In rural India, it is quite common to see people taking their children to temples and faith-healers rather than hospitals and doctors; even more so in cases when the issue is related to mental health.
But not too long ago, even in urban India, mental health was a topic that never made it to the discussion-table; and if it needed mention, it was only spoken about, rather uncomfortably, in hushed tones. Even though people knew there was some issue that needed to be addressed, sweeping it under the rug seemed a more feasible option than visiting a psychiatrist or psychologist and earning the coveted title of being "mad".
Last year, Deepika Padukone stunned fans by admitting that she had been suffering from anxiety and depression. This move was bold considering she broke this news at a time when she was one of the most sought after actresses in Bollywood, and people in India have a tendency to discriminate against those diagnosed with mental illness(Shidhaye, 2012).
Deepika went on to launch the Live Love Laugh Foundation to raise awareness about mental health issues. Many celebrities were inspired to come out in the open and talk about the need to address mental health — Varun Dhawan spoke about being depressed during the making of Badlapur, and more recently, Honey Singh admitted that he had been undergoing therapy for bipolar disorder. While depression is a term often used loosely, many people had not even heard of bipolar disorder until Honey Singh or Shama Sikander admitted to having battled it.
More than 50 million people in India suffer from a mental illness. In 2011, India recorded the highest rate of major depression in the world at 36 per cent. According to doctors, roughly 10 per cent of India’s population suffers from depression.
Approximately, one in five women and one in 10 men are victims of a major depressive episode at some point in their life. This number is alarming because it means you have more than one person in your circle of friends and family who could be thoroughly depressed despite their brave exterior, and you’ve probably had no clue about their condition.
Jiah Khan and Pratyusha Banerjee became talks of the town when news of their suicide reached the masses. Media and people chose to focus their attention on digging out the dirty linen of their failed relationships or stagnant careers, instead of looking at the issue of suicide in a larger context.
In India, almost 11 people in every lakh commit suicide every year; hundreds more probably attempt it. Suicide being on the rise is a strong indicator of the need to address issues surrounding mental health. Making suicide illegal is not the solution — it only makes it difficult for the person who has attempted suicide to receive emergency care. Many people do not report failed suicide attempts as they do not want the police to get involved.
In today’s fast-paced life, stress persecutes each one of us. A student worries over not having delivered his best in the exam. A teenager, not as well-off as his other friends, tries hard to combat peer pressure. An intern tries hard to prove her worth. A working woman, at top management level, grapples with domestic violence at home. A man deals with feelings of inferiority while struggling to impress his boss at work.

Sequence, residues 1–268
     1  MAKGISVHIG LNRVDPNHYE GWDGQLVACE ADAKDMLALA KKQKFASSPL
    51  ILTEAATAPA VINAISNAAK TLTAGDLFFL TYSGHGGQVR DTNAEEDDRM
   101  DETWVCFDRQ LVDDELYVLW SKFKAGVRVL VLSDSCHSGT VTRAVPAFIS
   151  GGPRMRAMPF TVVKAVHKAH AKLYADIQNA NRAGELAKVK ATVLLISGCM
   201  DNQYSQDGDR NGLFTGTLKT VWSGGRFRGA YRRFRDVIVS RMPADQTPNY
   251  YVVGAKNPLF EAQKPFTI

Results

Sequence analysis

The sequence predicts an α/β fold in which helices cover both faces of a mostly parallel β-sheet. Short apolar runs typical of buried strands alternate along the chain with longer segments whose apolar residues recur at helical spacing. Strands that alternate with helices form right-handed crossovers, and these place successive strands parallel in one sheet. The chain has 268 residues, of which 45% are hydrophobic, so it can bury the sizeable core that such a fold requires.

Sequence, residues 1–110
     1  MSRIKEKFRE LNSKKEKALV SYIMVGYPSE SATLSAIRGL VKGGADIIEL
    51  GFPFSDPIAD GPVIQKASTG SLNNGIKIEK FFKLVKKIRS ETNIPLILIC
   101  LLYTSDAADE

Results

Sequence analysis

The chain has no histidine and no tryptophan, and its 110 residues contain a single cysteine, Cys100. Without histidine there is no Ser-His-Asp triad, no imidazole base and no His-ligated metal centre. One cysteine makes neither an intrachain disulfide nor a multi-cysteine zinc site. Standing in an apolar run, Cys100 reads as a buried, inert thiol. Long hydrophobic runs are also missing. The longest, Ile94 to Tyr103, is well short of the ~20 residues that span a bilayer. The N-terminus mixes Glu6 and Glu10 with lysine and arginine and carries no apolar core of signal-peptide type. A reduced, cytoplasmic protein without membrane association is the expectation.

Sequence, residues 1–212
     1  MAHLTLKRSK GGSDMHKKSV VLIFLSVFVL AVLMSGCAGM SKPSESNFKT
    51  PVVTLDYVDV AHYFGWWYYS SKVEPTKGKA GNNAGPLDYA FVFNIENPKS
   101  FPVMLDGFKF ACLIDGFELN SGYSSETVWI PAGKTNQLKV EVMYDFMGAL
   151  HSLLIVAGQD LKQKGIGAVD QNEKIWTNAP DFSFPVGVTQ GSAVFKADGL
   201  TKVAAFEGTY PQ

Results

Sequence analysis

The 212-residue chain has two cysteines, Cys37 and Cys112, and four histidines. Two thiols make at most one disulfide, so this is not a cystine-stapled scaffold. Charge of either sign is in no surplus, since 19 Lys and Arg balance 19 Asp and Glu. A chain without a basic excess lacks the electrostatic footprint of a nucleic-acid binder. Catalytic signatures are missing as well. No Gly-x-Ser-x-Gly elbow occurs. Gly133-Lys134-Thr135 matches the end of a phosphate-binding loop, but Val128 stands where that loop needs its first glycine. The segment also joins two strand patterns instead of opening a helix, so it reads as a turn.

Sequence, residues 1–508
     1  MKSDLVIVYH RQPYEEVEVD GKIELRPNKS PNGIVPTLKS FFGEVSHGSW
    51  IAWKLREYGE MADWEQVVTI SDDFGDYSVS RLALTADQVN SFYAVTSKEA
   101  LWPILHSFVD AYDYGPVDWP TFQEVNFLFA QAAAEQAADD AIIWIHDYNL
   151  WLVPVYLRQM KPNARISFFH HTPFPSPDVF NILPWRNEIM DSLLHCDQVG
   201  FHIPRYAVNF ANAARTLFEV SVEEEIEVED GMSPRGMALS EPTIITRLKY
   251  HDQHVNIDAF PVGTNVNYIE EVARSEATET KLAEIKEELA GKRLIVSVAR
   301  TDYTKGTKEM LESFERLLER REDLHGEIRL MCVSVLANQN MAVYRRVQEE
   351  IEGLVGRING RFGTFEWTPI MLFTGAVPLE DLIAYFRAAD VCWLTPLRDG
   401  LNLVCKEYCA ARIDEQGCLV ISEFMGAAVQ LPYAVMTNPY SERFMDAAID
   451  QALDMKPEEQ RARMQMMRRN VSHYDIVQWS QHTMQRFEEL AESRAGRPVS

How many of them are willing to talk to a professional about such issues? “What’s the need? It happens to everyone.” “It’s no big deal!” Not one of them would approach a mental health practitioner for their issues because each one of them believes doing so will make people believe that they are creating mountains out of mole-holes.
So, can one say with certainty that stigma surrounding mental health has reduced? Perhaps, yes; but to a very minuscule extent. True, people are not shunning topics related to mental health; conversations are now taking place more in the open. But it is an issue that is still trivialised.
There continues to be a dearth of mental health practitioners in India. For every four lakh Indians, there is only one psychiatrist. We applaud celebrities for speaking up about their issues, but how many of us appreciate our near and dear ones for trying to talk about what is bothering them? So many times, in the first counselling-session, clients make comments like, “I feel so light! This is the first time I felt heard. I have finally unburdened myself by sharing it all!”
All of us are so engrossed in our daily lives that devoting quality time to someone in need often poses a genuine issue. However, giving advice without even understanding where the person is coming from, dismissing the issue as being totally unimportant, or going to the extent of rebuking the person for seeing a "shrink" seems to be a relatively easier task.
We can blame Westernisation for the rise of mental health issues or, like Rakhi Sawant, blame the poor ceiling fan for increasing suicide rates, but it does not change the fact that our society is in a state of constant flux, and we are not going back to the old ways.
The first step has already been taken by a courageous few who have brought the issue of mental health in the limelight, but it is up to us now to walk the rest of the path. We need to bring about a shift in our attitude and develop a more open mind-set on mental health. In the past, many of us lost the battle against mental illness by letting our fears get the better of us. Since then, we have become experts in pushing our issues away and some of us have even failed to acknowledge their existence. To reduce the stigma around mental health, we need to start with ourselves — first, we need to identify our concerns and stop judging the inner voice inside our head that begs us to speak to someone.
The writer is a counsellor and psychotherapist based in Mumbai. She runs “The Silver Lining”, an organisation that addresses issues related to mental health.